Two more things.

First, you may raise the point that being an excellent, well-rounded individual is itself an achievement. You would be correct. But (as I came to understand only recently), splitting your energy among multiple things (even if the energy being split is hypothetically enormous in magnitude) means that you’ll necessarily be less successful at any individual thing than if you poured all of yourself into one thing in particular. Given that professional success is generally narrowly-defined and difficult to achieve, and there are many people focusing on such narrowly-defined professional success, a diversified strategy would, unfortunately, likely leave you unsuccessful at everything you tried. Exceptions can be made for geniuses; I’ll leave it to you to place yourself in that category.

Secondly, and most importantly, just because success is perceived so narrowly doesn’t mean that successful individuals are the ones who truly put 100% of themselves into a single thing. If this sounds to you like it contradicts a number of earlier points made in this post, then you’re right. Life is complicated.  The people who do pour themselves 100% into a single thing will almost certainly burn out and remove themselves from the equation. Those who end up actually succeeding are those who develop strategies of self-management and self-care which allow them to consistently output quality work over time. The ability not to sabotage yourself is far more important than any raw aptitude, ability, or talent, in the long run. Those who truly succeed in New York, I think, are those who are able to place their professional responsibilities front and center, able to absorb themselves fully in their work, while still managing to maintain a healthy enough life to maintain that focus over a period of several years. For the mathematically-minded, we could say that the palm goes to the one who can maintain the highest average percent output over any given time period, not the one who can achieve the highest local maximum.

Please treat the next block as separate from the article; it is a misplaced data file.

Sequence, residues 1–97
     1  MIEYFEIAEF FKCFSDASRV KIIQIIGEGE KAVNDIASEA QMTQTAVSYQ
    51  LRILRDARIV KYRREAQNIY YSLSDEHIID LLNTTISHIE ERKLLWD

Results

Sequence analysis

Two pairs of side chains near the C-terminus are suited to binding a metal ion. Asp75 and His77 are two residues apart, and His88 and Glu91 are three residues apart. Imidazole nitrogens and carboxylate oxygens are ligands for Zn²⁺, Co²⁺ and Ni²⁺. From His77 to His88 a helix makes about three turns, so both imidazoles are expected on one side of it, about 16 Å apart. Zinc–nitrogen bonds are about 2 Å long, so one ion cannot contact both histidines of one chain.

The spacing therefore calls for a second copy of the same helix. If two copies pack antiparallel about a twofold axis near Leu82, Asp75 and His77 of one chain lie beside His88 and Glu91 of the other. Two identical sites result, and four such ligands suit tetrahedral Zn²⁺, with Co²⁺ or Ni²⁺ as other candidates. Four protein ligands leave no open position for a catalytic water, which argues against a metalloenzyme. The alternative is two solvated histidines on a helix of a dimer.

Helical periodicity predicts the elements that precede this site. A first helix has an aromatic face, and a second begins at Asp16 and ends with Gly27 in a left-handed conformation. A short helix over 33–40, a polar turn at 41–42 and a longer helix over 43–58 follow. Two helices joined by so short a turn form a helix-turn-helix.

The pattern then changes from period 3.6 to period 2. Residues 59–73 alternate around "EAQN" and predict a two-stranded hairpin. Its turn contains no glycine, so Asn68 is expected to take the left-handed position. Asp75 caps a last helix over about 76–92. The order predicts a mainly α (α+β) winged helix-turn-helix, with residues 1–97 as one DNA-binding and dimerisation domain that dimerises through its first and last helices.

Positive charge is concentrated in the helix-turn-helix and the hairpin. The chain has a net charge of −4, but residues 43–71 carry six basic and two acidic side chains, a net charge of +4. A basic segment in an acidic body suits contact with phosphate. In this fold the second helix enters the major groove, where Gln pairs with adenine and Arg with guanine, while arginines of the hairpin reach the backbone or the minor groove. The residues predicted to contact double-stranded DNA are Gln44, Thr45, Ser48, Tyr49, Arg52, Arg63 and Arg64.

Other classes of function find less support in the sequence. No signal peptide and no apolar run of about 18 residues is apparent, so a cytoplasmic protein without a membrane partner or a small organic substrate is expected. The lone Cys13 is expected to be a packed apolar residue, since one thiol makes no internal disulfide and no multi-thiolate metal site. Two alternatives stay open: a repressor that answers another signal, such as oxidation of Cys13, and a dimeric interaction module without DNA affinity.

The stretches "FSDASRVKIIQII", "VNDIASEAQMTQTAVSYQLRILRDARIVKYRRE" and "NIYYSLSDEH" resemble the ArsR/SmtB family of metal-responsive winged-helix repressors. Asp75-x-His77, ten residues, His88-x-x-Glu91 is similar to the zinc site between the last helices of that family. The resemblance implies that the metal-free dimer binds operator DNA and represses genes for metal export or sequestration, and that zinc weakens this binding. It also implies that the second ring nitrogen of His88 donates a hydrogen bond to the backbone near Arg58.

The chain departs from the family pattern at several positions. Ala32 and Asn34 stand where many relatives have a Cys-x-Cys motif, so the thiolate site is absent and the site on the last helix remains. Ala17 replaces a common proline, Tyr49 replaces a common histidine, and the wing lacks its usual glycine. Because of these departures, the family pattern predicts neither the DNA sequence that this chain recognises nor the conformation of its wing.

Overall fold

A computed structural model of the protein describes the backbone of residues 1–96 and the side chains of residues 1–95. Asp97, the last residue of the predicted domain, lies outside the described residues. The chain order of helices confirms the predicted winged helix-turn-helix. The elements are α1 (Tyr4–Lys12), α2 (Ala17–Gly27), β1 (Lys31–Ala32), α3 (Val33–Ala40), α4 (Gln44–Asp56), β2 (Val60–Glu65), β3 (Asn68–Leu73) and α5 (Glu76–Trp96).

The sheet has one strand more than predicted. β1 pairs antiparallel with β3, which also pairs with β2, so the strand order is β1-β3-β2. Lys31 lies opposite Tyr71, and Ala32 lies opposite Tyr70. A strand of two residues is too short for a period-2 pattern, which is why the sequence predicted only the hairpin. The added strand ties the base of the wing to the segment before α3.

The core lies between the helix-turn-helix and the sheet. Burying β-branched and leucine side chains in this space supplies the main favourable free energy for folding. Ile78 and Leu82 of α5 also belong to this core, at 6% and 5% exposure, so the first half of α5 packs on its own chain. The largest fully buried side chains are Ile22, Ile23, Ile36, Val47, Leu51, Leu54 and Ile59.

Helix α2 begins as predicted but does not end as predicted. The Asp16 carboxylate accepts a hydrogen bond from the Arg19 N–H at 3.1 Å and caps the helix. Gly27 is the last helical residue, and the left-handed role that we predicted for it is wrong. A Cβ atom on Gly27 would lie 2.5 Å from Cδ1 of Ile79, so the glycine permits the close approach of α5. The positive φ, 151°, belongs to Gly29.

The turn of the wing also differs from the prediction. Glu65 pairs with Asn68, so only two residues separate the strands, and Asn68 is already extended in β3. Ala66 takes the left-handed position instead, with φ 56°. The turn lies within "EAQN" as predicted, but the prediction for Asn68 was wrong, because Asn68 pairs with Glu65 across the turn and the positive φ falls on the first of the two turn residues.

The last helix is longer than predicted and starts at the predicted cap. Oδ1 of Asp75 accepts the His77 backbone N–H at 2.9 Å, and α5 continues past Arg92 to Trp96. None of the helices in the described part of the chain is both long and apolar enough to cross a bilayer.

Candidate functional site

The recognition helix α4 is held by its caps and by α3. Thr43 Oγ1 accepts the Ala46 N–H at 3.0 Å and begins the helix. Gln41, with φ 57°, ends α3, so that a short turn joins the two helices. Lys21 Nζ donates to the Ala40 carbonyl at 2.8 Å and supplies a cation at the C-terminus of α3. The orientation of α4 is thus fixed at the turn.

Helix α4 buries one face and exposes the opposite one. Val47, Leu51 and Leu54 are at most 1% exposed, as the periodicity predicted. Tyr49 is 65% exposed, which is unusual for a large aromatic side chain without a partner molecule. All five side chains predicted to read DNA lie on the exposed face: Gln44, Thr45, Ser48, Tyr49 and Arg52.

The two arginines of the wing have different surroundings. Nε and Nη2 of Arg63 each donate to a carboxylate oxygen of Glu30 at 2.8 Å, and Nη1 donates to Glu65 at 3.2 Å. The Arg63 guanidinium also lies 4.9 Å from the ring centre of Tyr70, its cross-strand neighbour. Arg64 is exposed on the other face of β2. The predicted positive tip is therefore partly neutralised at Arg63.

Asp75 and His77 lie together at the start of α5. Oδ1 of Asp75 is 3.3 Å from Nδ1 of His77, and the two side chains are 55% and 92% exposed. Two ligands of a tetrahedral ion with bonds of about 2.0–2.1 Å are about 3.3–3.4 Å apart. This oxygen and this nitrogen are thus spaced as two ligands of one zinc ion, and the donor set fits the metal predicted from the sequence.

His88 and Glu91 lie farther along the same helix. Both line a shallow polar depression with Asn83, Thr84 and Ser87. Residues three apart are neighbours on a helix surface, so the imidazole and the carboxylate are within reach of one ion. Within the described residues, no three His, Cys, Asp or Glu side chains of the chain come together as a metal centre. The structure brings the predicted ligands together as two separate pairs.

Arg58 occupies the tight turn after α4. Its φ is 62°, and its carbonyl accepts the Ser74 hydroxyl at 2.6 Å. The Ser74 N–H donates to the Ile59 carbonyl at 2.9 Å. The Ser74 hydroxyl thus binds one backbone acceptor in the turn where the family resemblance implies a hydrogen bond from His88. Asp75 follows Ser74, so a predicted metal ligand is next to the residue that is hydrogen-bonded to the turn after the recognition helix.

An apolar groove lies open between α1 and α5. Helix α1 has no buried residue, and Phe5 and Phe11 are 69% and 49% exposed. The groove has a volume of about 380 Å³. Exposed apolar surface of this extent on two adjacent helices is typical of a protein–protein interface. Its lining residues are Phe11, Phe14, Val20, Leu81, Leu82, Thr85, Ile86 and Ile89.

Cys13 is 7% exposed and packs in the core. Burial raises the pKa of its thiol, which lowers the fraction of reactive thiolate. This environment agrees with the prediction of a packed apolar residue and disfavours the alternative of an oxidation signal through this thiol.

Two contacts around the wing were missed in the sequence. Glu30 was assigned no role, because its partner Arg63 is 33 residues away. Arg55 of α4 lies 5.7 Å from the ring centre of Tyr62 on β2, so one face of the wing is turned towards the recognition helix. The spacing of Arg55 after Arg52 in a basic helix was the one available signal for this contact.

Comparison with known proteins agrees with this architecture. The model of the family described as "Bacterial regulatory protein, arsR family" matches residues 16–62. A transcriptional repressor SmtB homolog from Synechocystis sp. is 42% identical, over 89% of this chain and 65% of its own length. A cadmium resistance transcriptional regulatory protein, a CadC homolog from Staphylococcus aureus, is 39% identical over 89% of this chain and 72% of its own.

Now, returning to our overarching themes. The purpose of New York? To create an environment where capable and driven people can find the emotional, social, and financial support structures to push them onward to try and achieve professional success. Structures to help them develop to the heights of their abilities, to discover the limits of what they are capable of. It’s manic, certainly. But there’s also tremendous beauty to it. Struggle and competition, while grueling and draining, are also some of the surest paths towards the breaking of boundaries and the ascension to heights — for yourself and for society.

It’s not for everyone, of course. And many leave (appropriately so). But for those who stay, it’s not arbitrary or senseless sadness, but a purposive and noble fatigue.

This is the key point: this kind of success and achievement would not be possible in any other place, or if New York was different than it is. The highs and lows of New York are inseparable from each other; they are figure and ground of the same image. They require and create each other.

There’s a brilliant poem which captures all of this with extreme lucidity. Consider it.

Then a woman said, “Speak to us of Joy and Sorrow.”

And he answered:

Your joy is your sorrow unmasked.

And the selfsame well from which your laughter rises was oftentimes filled with your tears.

And how else can it be?

The deeper that sorrow carves into your being, the more joy you can contain.

Is not the cup that holds your wine the very cup that was burned in the potter’s oven?

And is not the lute that soothes your spirit, the very wood that was hollowed with knives?

When you are joyous, look deep into your heart and you shall find it is only that which has given you sorrow that is giving you joy.

When you are sorrowful look again in your heart, and you shall see that in truth you are weeping for that which has been your delight.

Some of you say, “Joy is greater than sorrow,” and others say, “Nay, sorrow is the greater.”

But I say unto you, they are inseparable.

Together they come, and when one sits alone with you at your board, remember that the other is asleep upon your bed.

Verily you are suspended like scales between your sorrow and your joy.

Only when you are empty are you at standstill and balanced.

When the treasure-keeper lifts you to weigh his gold and his silver, needs must your joy or your sorrow rise or fall.